. . . the deepest questions about postmodern food have as much to do with community as they do with taste.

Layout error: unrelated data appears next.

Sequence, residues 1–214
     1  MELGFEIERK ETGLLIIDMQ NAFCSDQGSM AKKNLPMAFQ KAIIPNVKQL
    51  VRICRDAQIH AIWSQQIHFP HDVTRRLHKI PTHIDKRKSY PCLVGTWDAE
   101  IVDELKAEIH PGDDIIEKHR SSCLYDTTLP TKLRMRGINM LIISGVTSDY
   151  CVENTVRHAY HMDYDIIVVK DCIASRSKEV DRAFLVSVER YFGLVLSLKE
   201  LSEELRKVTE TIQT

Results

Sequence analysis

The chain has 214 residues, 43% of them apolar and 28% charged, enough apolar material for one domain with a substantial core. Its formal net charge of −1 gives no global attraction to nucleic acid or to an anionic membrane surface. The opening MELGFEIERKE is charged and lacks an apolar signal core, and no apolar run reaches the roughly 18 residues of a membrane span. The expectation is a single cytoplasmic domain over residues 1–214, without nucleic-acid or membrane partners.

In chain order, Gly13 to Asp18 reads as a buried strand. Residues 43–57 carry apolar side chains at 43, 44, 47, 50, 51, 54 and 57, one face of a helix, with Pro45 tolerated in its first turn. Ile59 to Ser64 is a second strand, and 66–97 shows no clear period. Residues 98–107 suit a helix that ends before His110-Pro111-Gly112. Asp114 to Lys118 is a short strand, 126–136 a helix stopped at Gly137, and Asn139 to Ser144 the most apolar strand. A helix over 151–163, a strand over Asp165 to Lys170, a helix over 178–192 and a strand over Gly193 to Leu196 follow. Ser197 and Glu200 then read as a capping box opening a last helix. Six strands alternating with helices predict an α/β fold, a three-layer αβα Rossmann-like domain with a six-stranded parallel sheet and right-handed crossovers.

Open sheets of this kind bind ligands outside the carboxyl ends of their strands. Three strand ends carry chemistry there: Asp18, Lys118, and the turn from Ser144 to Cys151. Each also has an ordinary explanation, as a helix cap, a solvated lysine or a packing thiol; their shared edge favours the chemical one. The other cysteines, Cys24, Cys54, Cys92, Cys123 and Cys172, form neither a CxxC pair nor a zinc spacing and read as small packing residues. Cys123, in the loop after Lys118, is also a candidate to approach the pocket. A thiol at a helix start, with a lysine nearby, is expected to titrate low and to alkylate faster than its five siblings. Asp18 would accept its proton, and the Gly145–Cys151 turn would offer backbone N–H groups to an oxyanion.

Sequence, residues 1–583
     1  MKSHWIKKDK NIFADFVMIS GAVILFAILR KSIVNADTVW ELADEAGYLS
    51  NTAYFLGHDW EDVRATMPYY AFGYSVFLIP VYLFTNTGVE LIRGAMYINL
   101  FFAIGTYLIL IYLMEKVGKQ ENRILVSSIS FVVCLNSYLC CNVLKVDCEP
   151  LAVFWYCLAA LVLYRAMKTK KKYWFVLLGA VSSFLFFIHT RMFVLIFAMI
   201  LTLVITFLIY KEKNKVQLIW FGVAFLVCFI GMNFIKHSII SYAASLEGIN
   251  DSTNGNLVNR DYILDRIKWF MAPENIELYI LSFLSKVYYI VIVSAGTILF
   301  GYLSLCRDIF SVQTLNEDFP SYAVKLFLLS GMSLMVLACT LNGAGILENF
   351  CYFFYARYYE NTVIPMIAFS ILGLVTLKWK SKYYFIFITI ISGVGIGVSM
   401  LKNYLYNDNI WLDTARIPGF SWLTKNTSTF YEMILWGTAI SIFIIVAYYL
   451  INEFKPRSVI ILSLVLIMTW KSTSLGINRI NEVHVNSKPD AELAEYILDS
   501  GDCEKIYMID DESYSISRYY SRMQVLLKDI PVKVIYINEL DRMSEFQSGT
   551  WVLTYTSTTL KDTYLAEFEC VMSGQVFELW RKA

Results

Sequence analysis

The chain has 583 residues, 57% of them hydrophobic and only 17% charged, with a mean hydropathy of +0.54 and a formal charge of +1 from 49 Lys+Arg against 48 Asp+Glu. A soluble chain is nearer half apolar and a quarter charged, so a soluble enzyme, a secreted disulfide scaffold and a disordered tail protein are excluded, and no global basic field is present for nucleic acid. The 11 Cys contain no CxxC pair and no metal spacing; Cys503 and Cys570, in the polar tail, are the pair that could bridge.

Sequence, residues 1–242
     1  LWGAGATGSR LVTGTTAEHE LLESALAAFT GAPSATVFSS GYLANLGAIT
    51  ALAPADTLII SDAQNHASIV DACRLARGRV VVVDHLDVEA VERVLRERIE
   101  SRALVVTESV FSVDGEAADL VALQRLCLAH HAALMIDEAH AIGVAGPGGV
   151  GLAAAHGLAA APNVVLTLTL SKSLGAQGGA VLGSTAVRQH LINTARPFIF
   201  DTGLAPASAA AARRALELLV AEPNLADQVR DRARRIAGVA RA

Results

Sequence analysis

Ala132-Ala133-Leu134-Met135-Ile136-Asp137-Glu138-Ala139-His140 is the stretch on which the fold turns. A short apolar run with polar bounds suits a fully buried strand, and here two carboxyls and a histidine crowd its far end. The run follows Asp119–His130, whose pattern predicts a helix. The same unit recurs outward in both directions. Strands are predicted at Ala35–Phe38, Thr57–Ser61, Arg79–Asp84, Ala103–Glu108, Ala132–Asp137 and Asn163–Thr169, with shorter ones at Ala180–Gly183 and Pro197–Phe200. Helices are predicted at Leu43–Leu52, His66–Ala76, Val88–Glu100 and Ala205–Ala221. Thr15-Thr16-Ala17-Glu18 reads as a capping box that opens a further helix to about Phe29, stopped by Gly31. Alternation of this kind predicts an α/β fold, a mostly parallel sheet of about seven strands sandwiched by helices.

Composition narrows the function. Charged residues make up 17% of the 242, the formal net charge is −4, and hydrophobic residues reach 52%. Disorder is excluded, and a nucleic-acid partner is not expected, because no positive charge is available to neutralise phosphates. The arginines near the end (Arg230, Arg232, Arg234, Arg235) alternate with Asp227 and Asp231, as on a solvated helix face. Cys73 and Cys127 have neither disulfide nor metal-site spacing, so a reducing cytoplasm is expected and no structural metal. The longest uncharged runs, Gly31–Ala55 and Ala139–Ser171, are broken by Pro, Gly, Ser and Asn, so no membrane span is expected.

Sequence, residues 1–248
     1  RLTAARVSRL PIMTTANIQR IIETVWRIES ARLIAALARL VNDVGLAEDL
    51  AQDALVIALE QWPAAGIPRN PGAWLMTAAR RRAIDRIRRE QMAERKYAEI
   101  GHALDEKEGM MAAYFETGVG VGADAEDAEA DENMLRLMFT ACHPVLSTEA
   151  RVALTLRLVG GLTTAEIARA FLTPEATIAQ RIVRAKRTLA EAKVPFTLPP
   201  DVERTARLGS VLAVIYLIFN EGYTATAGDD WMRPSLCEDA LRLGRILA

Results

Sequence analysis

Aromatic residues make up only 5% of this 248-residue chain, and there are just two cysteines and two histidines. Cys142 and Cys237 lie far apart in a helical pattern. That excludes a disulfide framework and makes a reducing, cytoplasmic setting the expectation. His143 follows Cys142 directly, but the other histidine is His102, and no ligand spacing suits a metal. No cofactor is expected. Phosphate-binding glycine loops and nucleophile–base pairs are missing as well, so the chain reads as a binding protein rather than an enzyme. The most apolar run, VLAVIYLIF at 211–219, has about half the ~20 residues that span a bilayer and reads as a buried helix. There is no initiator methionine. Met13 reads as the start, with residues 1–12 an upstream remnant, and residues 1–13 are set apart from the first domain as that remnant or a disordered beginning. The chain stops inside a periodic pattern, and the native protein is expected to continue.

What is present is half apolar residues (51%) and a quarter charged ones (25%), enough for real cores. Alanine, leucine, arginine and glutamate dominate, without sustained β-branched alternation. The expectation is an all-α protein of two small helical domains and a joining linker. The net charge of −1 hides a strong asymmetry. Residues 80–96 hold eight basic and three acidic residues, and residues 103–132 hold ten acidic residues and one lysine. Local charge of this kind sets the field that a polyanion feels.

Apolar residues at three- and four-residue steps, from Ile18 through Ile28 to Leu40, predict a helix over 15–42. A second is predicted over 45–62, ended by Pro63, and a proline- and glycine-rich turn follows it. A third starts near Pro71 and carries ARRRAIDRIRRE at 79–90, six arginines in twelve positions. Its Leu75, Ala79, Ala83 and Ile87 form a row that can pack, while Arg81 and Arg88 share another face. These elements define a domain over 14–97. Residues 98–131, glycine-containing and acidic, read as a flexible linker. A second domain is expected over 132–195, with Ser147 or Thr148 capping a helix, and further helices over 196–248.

A local farmers market, for instance, is not only about providing fresher food than a supermarket can offer (and doing it with much less use of energy, an increasingly important factor in a world starting to fret that long-distance food plays a more-than-trivial role in causing climate change). It’s also about rebuilding the local agricultural economy so that small farmers no longer have to sell their products as commodities at prices set by the most efficient, largest operations. And it’s about rebuilding communities: one sociologist last year followed shoppers around farmers markets and supermarkets, and discovered that they had ten times as many conversations at the former. In a lonely society, that’s an encouraging statistic.
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